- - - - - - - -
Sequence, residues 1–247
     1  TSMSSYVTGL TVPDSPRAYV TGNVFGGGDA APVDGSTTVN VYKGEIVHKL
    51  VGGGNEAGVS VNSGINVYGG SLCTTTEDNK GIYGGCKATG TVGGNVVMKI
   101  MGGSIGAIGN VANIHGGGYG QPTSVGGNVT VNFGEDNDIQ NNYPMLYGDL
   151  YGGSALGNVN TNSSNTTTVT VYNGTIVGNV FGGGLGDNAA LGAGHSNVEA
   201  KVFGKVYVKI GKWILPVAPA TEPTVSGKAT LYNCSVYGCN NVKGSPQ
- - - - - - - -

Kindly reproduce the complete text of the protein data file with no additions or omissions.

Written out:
Sequence, residues 1–247
     1  TSMSSYVTGL TVPDSPRAYV TGNVFGGGDA APVDGSTTVN VYKGEIVHKL
    51  VGGGNEAGVS VNSGINVYGG SLCTTTEDNK GIYGGCKATG TVGGNVVMKI
   101  MGGSIGAIGN VANIHGGGYG QPTSVGGNVT VNFGEDNDIQ NNYPMLYGDL
   151  YGGSALGNVN TNSSNTTTVT VYNGTIVGNV FGGGLGDNAA LGAGHSNVEA
   201  KVFGKVYVKI GKWILPVAPA TEPTVSGKAT LYNCSVYGCN NVKGSPQ